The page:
Just An Old Fashioned Love Song/Truly, Madly, Deeply – a sermon for Transfiguration Sunday, Mark 9:2-9

Audio only version here

Are you all ready for Valentine’s Day? I am. I have to be ready because this year Valentine’s Day falls on Ash Wednesday. There are all sorts of other things vying for my attention on Ash Wednesday.    So, my love and I will celebrate Valentine’s Day on Tuesday. Shrove Tuesday, and pancakes lends itself more easily to being transformed into Valentine’s Day than Ash Wednesday does with talk about remembering that we are dust and to dust we shall return.

My preparations for Valentine’s Day have me thinking about love songs. A few years back, when Peter Rollins was here, he suggested that we needed to employ more love songs in worship. I think that’s why every time I tried to write today’s sermon, I’ve been plagued by an ear worm. I haven’t been able to get this song out of my head, so rather than fight it any longer, I want to share my ear worm with you. It’s an old song, an “Old Fashioned LOVE Song,” that I first heard playing on the radio, back in 1975. Anybody remember the group Three Dog Night?  Listen to my ear worm:  Just an Old Fashioned Love Song.

That old fashioned love song was playing in my head every time I tried to climb up onto the mountaintop with Jesus. Each time I ventured into the anonymous gospel storyteller that we call Mark’s vision of Jesus on the mountaintop, I heard the electric guitars of Three Dog Night. Those old cords summoned up the year 1975, the year that I graduated from high school. I was just 17 years old. I had precious little idea who I was when I was 17, I knew even less about what love is, but I sure thought I knew who Jesus was. I was hopelessly in love with Jesus. And even though I can’t carry a tune, I sang all sorts of love songs to Jesus. One of those love songs, I bet you all remember.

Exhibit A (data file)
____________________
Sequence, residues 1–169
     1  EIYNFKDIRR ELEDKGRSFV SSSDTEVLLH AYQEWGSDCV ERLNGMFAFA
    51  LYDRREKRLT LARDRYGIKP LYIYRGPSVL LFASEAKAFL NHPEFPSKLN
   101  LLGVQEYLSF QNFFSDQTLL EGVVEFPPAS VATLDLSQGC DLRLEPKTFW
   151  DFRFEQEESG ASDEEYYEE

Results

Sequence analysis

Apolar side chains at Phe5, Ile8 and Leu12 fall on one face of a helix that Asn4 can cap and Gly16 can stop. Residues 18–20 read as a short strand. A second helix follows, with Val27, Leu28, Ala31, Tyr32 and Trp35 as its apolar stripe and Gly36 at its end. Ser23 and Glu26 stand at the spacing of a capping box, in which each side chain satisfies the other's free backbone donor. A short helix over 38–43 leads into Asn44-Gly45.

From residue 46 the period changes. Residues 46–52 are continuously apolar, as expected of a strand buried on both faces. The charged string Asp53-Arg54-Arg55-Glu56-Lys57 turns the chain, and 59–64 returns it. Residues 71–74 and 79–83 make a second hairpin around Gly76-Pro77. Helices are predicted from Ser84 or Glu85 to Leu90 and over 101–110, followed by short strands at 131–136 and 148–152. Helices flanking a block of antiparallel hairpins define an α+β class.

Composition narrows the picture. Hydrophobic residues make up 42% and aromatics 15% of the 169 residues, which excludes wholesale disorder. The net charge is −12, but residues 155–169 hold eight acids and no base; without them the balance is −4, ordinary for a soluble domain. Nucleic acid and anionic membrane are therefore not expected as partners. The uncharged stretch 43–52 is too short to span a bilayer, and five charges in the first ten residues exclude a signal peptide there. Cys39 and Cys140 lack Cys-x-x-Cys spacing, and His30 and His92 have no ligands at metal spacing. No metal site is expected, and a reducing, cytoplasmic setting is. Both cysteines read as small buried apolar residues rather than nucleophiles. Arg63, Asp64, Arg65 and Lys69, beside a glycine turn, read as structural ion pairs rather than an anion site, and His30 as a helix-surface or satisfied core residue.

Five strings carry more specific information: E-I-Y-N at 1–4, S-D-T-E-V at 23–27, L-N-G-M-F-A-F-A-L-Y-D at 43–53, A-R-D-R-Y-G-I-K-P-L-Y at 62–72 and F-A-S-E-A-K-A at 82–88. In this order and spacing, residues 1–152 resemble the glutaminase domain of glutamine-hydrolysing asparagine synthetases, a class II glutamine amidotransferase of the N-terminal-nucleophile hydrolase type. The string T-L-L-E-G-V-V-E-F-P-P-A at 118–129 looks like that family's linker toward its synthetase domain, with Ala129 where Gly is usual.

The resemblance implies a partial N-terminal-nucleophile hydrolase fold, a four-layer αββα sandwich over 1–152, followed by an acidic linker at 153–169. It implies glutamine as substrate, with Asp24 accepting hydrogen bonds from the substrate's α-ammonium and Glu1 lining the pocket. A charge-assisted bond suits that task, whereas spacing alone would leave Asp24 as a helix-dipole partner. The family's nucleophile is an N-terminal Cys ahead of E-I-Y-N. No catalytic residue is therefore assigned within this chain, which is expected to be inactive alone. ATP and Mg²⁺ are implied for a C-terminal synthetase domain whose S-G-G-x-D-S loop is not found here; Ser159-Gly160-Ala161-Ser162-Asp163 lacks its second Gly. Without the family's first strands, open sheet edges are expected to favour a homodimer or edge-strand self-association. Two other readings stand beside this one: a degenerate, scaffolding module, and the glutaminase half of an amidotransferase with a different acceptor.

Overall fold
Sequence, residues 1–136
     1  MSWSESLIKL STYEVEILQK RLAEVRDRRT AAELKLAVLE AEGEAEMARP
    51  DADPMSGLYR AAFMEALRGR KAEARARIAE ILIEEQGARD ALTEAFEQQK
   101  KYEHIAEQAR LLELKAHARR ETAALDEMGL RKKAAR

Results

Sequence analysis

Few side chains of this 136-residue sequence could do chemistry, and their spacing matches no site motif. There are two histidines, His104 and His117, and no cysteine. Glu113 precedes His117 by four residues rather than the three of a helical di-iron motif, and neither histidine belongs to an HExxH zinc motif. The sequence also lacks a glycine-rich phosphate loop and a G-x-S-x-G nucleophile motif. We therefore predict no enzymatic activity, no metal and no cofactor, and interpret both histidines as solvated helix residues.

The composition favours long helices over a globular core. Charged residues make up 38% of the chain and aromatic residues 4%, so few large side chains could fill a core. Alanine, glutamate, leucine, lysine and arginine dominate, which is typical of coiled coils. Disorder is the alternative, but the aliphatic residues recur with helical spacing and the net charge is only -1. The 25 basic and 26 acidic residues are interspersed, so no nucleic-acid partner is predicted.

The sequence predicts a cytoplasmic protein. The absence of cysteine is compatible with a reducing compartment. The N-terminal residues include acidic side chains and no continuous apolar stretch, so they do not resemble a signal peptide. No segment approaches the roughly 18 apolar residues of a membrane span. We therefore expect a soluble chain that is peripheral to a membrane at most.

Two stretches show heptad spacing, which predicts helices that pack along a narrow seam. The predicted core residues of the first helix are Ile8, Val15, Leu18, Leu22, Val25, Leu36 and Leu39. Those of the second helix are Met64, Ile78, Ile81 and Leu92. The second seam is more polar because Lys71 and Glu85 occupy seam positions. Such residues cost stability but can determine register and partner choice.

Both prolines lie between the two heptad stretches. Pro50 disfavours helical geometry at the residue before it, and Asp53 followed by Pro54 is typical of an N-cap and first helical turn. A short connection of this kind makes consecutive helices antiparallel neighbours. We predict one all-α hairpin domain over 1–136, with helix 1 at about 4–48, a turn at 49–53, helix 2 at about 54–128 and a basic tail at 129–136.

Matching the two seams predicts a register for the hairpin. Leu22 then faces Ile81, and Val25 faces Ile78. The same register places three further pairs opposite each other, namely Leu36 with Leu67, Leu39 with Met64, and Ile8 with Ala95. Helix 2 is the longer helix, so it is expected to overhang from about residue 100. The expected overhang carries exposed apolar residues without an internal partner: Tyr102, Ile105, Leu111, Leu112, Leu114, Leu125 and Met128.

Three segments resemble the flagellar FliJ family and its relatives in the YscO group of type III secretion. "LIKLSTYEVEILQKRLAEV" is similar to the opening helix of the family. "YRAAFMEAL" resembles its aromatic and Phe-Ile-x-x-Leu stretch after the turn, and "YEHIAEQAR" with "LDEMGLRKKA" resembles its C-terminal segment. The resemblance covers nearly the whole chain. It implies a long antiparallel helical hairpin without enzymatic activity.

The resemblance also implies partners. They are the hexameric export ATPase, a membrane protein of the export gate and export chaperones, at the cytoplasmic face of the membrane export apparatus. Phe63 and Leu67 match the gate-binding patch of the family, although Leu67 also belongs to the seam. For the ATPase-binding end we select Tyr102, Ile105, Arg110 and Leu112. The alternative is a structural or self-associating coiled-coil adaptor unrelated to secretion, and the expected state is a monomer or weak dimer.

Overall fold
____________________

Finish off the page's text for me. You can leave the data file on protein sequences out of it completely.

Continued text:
I come to the garden alone,

            While the dew is still on the roses,

            And the voice I hear falling on my ear

            The Son of God discloses.

            And He walks with me,

            and He talks with me,

            And He tells me I am His own;

            And the joy we share as we tarry there,

            None other has ever known.

            He speaks, and the sound of His voice

            Is so sweet the birds hush their singing,

            And the melody that He gave to me

            Within my heart is ringing.

            And He walks with me,

            and He talks with me,

            And He tells me I am His own;

            And the joy we share as we tarry there,

            None other has ever known.

            I’d stay in the garden with Him,

            Though the night around me be falling,

            But He bids me go; through the voice of woe

            His voice to me is calling.

            And He walks with me,

            and He talks with me,

            And He tells me I am His own;

            And the joy we share as we tarry there,

            None other has ever known.

Now that’s what I call an old-fashioned love song. I can’t tell you how often I sang this love song to my beloved Jesus. Nor can I tell you how much my beloved Jesus has changed over the years. That naïve 17-year-old girl who sang it way back when, well she may not have known who she was, but she was absolutely sure who Jesus was. But the Jesus that she was so sure that she knew is a far cry from the Jesus she knows today. I think have a better idea about who I am today, and I suspect that I have a much better idea about who Jesus is. But I know that who I am today, is not who I will be in the years to come and I trust that who Jesus is will continue to change. Lovers always do. Think about the one with whom you share the deepest of intimacies. Think about how it was when you first became intimate with one another. Now think about the intimacy you share today. That quality of the intimacy has changed. As love grows deeper, fuller, we are blessed with new ways of seeing, of knowing, of touching, of loving. Continue reading